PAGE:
Money (a brief overview)

One concern that’s universal across all nations in all time periods: money. Not just how to collect it and how to spend it, but what it will be, how it’ll look, even what it’s called. The United States has no immunity from this concern; indeed, interest in the properties and presentation of money has had the nation’s attention from its earliest days.

Official of the U.S. Treasury and newly minted currency (image courtesy of the National Archives)

Official of the U.S. Treasury and newly minted currency (image courtesy of the National Archives)

The word “dollar” has its roots in the word “daler” or “thaler” (depending on whether you used Low or High German); its use dates back to the 16th century. The word as we recognize it today came into being in the 18th century, as shorthand for Spanish pieces of eight. Spanish dollars were so widely used, in fact, that they are often cited as the first example of a global currency.  The dollar sign itself – $ – is thought to be “a conventionalized combination of the letters p and s for pesos. As early as 1788, a government clerk used such a mark, and the present symbol came into general use shortly after that time.”@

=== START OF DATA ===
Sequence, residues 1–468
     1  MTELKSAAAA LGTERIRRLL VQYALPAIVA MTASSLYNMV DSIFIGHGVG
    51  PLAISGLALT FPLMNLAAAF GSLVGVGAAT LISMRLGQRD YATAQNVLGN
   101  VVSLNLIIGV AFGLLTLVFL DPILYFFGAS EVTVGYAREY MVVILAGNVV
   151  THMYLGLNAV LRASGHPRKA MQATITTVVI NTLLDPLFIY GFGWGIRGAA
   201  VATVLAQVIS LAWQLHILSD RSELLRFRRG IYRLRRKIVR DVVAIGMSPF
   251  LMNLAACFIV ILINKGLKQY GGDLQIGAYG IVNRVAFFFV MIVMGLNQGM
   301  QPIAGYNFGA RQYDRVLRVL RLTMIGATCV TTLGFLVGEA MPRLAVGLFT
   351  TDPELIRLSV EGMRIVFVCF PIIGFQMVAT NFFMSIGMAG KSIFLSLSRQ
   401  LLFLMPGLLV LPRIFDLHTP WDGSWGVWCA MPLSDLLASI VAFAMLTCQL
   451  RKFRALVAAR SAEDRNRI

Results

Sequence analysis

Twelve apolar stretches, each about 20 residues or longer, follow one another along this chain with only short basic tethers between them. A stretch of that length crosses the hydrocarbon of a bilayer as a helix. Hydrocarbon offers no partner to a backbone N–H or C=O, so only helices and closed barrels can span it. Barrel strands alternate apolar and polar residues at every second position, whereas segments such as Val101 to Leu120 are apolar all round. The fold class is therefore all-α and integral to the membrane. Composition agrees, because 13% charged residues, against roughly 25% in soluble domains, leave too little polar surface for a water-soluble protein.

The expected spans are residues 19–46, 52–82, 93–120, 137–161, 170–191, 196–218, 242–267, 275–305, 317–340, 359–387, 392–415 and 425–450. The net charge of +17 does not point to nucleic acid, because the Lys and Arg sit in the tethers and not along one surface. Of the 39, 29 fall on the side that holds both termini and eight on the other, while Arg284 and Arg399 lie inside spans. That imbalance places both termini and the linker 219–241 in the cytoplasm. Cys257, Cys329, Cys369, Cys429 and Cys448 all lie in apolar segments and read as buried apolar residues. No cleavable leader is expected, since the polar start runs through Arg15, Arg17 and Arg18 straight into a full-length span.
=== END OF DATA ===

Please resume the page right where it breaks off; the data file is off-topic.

Under the Articles of Confederation, the national government was unable to take any financial actions without “a majority vote of the United States in congress assembled.”# Wartime inflation caused the Continental currency (“Continentals”) to swiftly become worth less than the paper on which they were printed; to combat this development, states took to printing their own currencies, but they swiftly succumbed to the same fate.

1/3 dollar Continental Currency (image courtesy Wikimedia Commons)

1/3 dollar Continental Currency (image courtesy Wikimedia Commons)

With the ratification of the Constitution soon came the passage of the Coinage Act in 1792 – which “create[d] the U.S. Mint and establishes a federal monetary system, sets denominations for coins, and specifies the value of each coin in gold, silver, or copper”^ – the official term for the United States’ money unit became the dollar: “Dollars or units – each to be of the value of a Spanish milled dollar as the same is now current.”+

The Coinage Act of 1834 changed the amount of gold grains (both pure and standard) used in the eagle coin, revising it downward and lowering its weight, while increasing the amount of silver used in coining money.